Does it feel like holiday marketing hit too early, even for marketers? Try this on for size: 2016 marketing predictions from marketers are starting to flood my inbox. Here are a few from Engagement Labs, Jive Software and R2integrated. Hint: Think “do it yourself” in a customer-centric, channel-agnostic way that somehow speaks to Millennials.
Marketers who scoff at engagement metrics may be a little mad at themselves today. They’ve probably noticed that the share count is gone from Twitter, so they may not know if their posts “went viral” or not until they reach the “trending” list. On Nov. 20, the social media network changed the look of posts and dropped share counts, according to its announcement, because of engineering reasons.
It looks like marketers aren’t the only ones rushing around during the holidays. On Thursday, Google announced it “redesigned Google Shopping on mobile for the holiday season,” according to @adwords, and released a 160-page document about how its algorithm works. That may come in handy, as a Google analyst recently
Facebookers tap “Home” and instantly see the News Feed, where friends and family are mixed in with marketers, who include fundraisers. Now, Facebook users will see posts from fundraisers that include “Donate Now,” allowing them to give straight from “Home.” That, and plenty of other upgrades had nonprofit marketers atwitter on Thursday.
Christmas may be coming early for search engine marketers. The white hat ones, that is. Google is going to update Penguin before the end of the year, verified Gary Illyes, a Webmaster Trends analyst at Google.
Lego, the creator of the pain-producing, sharp-cornered blocks, allowed a French ad agency to create ouch-preventing, uber-padded Lego slippers. That closed-circle approach may prompt marketers to think of how their products and services could use their own solutions.
While Millennials may spend less money than other holiday shoppers, this sizeable bloc of consumers will spend more than last year, forecasts show. So marketers can learn from this research about how to specifically target the young group, as well as the higher spenders, and pull a victory out
The stats are scary: 85 percent of retailers show the same homepage to new and returning visitors; 83 percent of retail mobile sites do not leverage any previous shopping behavior information to personalize the user experience; and 74 percent of the top 100 sites have no memory of past products browsed by users during previous visits, which forces shoppers to start the entire discovery process over again.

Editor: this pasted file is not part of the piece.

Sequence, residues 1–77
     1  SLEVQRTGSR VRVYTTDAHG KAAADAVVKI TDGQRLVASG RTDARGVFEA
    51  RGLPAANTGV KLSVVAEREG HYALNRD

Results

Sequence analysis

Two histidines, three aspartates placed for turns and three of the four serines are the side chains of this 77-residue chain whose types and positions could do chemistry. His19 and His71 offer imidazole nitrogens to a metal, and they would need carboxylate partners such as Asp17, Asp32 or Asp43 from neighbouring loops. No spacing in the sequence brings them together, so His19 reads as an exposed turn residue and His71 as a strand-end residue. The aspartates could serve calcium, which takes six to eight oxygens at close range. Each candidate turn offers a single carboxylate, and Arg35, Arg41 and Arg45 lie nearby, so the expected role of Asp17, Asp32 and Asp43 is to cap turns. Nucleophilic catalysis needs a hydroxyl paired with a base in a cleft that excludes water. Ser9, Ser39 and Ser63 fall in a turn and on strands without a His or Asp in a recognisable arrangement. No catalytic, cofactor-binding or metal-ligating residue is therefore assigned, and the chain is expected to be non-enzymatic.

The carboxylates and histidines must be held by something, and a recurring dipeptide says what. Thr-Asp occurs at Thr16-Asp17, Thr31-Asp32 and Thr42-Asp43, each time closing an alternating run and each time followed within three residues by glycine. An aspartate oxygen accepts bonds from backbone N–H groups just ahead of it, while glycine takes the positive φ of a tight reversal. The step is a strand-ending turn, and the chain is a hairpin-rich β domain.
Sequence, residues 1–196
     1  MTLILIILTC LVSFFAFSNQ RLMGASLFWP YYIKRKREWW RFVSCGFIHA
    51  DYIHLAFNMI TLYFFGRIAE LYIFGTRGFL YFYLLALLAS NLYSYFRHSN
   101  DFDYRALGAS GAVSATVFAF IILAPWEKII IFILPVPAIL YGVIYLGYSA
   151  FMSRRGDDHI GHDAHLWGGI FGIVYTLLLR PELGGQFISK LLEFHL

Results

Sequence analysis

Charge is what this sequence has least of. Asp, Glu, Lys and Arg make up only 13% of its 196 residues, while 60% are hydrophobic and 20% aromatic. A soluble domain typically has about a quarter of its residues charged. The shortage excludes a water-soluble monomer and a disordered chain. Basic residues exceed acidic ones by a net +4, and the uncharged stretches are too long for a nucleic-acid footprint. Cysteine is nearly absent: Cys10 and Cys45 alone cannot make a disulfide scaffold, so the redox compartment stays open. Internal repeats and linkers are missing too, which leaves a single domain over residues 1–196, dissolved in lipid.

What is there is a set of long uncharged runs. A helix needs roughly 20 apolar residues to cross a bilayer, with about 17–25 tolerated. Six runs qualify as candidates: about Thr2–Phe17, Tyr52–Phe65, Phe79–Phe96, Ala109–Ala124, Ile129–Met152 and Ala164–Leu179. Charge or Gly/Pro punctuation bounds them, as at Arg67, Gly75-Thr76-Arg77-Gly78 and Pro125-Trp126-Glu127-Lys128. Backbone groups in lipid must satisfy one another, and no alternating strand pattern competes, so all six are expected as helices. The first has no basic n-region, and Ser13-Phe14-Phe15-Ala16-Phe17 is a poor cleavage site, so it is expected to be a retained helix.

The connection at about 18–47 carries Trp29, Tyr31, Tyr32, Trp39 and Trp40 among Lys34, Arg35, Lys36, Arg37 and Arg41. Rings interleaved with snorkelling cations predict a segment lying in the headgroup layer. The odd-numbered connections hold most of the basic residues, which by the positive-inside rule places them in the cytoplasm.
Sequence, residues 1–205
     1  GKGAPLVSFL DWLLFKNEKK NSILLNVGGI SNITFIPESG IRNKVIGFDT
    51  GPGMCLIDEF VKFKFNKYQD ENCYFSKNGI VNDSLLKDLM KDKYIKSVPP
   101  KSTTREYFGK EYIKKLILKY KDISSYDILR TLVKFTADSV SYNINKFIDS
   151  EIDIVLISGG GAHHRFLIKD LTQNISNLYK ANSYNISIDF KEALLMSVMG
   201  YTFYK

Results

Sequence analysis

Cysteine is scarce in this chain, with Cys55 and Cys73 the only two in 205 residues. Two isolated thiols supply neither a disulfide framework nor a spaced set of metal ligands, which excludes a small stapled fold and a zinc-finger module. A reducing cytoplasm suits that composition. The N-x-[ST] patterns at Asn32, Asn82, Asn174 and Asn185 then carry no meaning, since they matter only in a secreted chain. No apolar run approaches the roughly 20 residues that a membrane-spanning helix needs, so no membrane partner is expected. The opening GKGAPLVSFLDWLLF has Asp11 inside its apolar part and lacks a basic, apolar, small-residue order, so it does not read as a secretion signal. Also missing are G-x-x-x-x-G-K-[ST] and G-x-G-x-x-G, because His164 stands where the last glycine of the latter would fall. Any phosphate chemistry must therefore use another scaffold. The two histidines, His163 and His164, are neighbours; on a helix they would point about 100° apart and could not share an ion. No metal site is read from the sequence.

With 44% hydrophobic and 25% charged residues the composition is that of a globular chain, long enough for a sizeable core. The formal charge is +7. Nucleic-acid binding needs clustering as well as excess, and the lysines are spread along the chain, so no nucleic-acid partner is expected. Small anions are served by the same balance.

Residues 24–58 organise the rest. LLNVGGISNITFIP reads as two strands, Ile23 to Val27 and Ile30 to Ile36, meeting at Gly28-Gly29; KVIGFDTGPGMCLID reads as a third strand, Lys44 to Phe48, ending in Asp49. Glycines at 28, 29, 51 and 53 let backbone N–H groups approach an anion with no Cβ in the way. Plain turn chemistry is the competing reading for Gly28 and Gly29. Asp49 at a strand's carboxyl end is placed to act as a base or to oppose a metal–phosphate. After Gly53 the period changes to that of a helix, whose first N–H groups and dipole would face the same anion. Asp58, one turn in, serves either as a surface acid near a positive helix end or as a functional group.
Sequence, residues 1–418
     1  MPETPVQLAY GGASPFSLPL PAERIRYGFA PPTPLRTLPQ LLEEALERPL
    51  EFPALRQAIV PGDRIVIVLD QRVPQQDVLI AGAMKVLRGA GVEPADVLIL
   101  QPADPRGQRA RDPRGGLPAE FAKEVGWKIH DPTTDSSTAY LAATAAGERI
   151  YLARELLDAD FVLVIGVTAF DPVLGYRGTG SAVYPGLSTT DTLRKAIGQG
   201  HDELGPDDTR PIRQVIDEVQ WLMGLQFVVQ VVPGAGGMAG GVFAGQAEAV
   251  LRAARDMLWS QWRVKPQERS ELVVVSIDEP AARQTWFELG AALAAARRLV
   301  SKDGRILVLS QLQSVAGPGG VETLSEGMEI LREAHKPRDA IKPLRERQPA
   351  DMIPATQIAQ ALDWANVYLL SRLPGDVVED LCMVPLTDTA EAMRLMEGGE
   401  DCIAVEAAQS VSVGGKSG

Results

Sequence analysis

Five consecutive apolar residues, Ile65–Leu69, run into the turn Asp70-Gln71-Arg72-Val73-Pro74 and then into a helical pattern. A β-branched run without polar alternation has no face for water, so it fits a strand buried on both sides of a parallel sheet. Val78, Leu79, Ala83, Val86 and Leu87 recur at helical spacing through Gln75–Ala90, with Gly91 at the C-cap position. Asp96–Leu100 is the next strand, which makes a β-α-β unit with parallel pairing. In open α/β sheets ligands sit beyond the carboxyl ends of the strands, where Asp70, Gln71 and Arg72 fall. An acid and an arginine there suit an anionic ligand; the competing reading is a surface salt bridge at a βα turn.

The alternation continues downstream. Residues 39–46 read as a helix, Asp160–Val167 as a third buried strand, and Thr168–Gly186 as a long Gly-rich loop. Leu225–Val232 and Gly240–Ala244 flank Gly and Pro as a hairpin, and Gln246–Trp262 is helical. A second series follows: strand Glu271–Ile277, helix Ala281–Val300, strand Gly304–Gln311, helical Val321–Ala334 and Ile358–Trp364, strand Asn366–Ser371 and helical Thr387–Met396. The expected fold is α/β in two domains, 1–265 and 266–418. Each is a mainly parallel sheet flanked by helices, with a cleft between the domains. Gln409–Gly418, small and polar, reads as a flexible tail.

USPS is increasing postal rates on Jan. 17. Priority Mail fees will rise about 9.8 percent, despite USPS touting its allegiance to e-commerce marketers who are infusing USPS with package delivery revenue as First Class mail volume plummets.
Maybe it was hard to crawl out of bed this morning. Maybe what you need to accomplish today seems insurmountable. #MondayMotivation hashtags regularly come to the rescue, even for marketers.
I have faith that marketers will agree “rapey” is not quite the word you want associated with your brand. Even Bloomingdale’s agrees with that now. On Wednesday, a brand spokeswoman sent Target Marketing an apology for the ad in its catalog that appears to encourage date rape.
With video considered the No. 1 lead-converting content marketing option by a Salesforce executive, it’s interesting to see Fidelity downgrade Snapchat by 25 percent. Business Insider reports that while the service boasts a highly sought-after audience, Millennials, it has yet to satisfactorily monetize the business.
“Out of all the things I have lost, I miss my mind the most,” Mark Twain said. I believe it. On Monday, I thought this brouhaha over the red Starbucks holiday cup would die a quick death. Then ratings machine Donald Trump weighed in with one of the weirder calls for a brand boycott I’ve ever seen.
Marketers are getting this one right, says Joel Book, principal of marketing insights for the Salesforce Marketing Cloud. Video is the top conversion option for content marketing, he tweeted on Monday. The Aberdeen Group research he cites states: “Video, at its heart, is about delivering informative and/or entertaining experiences.
Four students from Temple University and their advisor, Target Marketing blogger Chuck McLeester, talk about the DirecTV campaign that won them the big prize.